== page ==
> files. If two JARS contain the same classname, the class that is used
> is the one that is in the first JAR file in the classpath. Officially,
> you don't know the exact classpath, so you can't specify which JAR
> file should be first. To me, this is an extremely minor issue. You
> shouldn't have two distinct JARs which contain duplicate class names.
> By the way, I highly recommend you rename your JAR files to include
> the revision in the name. For example, if you're using ftp.jar, rename
> it to the correct version like ftp.2.3.jar or ftp.1.2.jar. This may
> mean deleting the old JAR from the source archive (using "svn delete
> ftp.1.2.jar" or
> "cvs delete -f ftp.1.2.jar") and adding a new version back in (using
> "svn add ftp.2.3.jar" or "cvs add ftp.2.3.jar").
> This is a bit more work than just updating the JAR and committing the
> latest version. But, this will help you know the exact revisions of
> each third party JAR in your build. Developers can easily see what
> defects are in a particular JAR. What that JAR supports, and what
> could happen if they want to upgrade that JAR file.
> Since JAR files are binary, you don't really gain anything by simply
> updating the JAR file with the latest revision. You can't do a diff
> between two binary revisions, and you don't save any room in your
> source archive because binary files aren't saved in delta format.
> On Mon, Jun 2, 2008 at 3:45 PM, Tim Visher <> wrote:
>> Hello Everyone,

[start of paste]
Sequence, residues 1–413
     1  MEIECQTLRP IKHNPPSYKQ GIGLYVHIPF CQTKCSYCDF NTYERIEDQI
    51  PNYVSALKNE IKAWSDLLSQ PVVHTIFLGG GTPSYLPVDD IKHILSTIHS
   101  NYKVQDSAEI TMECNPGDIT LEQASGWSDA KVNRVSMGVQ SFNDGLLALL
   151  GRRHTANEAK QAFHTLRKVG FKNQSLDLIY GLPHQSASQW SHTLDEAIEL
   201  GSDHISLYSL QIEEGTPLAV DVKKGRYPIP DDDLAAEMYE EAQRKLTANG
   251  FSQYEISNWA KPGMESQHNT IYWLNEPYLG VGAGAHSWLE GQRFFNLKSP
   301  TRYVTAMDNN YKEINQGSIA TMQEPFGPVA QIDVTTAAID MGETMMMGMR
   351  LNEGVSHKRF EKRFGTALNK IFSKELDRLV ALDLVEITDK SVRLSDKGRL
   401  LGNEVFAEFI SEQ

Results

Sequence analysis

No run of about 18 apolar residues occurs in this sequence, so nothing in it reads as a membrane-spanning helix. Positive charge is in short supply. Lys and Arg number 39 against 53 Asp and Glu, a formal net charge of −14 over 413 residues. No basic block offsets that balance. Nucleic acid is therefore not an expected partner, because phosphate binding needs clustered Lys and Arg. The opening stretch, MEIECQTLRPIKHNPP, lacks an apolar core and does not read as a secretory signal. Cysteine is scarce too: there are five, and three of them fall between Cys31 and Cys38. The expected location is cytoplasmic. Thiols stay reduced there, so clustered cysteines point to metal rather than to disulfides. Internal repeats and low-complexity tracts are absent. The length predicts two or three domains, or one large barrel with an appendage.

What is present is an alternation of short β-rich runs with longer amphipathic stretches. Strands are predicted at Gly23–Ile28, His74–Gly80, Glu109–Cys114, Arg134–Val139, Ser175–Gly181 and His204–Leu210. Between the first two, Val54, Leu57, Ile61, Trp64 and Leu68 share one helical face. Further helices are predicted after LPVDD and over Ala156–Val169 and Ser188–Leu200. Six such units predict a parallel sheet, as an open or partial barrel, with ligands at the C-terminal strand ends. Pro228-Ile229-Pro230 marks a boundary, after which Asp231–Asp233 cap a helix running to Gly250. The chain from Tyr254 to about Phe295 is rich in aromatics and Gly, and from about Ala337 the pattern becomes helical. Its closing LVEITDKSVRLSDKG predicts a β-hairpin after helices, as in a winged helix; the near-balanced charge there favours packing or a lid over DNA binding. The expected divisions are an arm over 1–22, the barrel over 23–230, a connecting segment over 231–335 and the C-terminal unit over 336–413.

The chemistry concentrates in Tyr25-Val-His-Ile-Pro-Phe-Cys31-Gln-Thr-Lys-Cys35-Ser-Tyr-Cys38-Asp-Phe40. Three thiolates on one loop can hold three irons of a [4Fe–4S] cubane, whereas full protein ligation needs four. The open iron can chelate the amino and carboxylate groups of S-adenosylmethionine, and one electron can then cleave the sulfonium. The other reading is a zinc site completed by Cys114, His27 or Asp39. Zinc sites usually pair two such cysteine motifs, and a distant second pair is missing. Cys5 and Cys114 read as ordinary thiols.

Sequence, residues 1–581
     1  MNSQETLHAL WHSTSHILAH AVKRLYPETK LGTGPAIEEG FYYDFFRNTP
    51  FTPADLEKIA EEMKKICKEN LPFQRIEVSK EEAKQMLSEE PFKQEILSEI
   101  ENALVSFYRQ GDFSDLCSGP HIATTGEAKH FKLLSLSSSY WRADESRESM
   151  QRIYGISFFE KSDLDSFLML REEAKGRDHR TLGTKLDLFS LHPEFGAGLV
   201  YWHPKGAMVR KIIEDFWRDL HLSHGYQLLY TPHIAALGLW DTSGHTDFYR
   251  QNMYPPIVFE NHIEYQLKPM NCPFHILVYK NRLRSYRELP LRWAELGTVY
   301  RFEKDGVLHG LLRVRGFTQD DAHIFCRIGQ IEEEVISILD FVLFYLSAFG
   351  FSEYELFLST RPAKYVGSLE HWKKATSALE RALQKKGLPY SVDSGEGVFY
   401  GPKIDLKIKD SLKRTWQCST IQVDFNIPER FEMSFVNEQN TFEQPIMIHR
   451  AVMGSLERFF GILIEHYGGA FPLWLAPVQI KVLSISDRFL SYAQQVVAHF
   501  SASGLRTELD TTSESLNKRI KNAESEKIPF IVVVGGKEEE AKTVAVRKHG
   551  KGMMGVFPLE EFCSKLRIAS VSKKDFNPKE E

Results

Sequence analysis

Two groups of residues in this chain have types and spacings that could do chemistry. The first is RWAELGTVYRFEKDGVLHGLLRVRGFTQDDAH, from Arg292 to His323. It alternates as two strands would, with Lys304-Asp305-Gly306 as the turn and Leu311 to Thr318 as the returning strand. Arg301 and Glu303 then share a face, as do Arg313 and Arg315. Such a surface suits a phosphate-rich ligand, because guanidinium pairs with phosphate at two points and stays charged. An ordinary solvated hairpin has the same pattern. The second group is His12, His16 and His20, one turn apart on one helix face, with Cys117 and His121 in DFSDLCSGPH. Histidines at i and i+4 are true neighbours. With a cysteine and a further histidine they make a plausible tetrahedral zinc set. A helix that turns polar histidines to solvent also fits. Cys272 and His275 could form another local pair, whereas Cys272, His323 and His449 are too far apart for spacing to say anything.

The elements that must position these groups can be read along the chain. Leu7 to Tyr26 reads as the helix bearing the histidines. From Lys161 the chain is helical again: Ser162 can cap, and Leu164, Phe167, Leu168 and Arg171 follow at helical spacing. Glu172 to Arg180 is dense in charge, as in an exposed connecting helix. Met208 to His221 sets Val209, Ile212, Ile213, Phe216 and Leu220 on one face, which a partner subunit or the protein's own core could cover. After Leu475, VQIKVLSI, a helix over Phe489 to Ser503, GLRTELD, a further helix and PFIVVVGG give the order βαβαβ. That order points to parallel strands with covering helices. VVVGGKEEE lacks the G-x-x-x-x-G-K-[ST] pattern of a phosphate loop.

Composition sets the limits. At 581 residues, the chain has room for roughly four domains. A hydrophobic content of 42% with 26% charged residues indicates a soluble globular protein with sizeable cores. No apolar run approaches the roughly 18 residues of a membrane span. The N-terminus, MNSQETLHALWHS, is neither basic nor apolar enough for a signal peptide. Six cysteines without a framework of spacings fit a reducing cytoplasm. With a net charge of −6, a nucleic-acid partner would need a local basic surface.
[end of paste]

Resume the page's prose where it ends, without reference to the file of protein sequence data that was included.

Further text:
>> I've been working on setting up an automated build environment using
>> Ant for a few days while I try to move towards the Continuous
>> Integration benchmark and I've run into a major snag that I can't seem
>> to get past.  I've been doing a lot of reading about Agile Processes
>> and Continuous Integration and one of the major things that keeps
>> getting brought up is that you should have every component needed to
>> build your software stored centrally via SCM in order to ensure that
>> you are always able to reproduce any build.  I'm probably going to
>> stop short of throwing the OS and DB software in there, but I would
>> like to store all necessary lib jars (such as javaee.jar and mail.jar)
>> in there so that when a vanilla box checks out the software, it has a
>> constant place to look for all necessary library components.  So far,
>> I've gotten things to work by putting the necessary lib files in
>> ANT_HOME/lib and by using the -lib flag to specify an alternate
>> location that also has the necessary lib files, but I can't figure out
>> how to pass something like the -lib option internally to the build.xml
>> file.  I've tried specifying the classpath property in the javac task
>> but that did not work either, even though when I ran ant in -verbose
>> mode the classpath option that was apparently being passed to javac
>> did have the correct folder on it.
>> I'm not sure where the break down in my understanding is but hopefully
>> the above is more than enough info for someone to help me.  If it's
>> not, please just ask as I've wasted too much time trouncing through
>> the documentation.
>> Thanks in advance for your help!
>> --
>> In Christ,
>> Timmy V.
>> - Spend less time on e-mail
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> --
> --
> David Weintraub
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In Christ,

Timmy V. - Spend less time on e-mail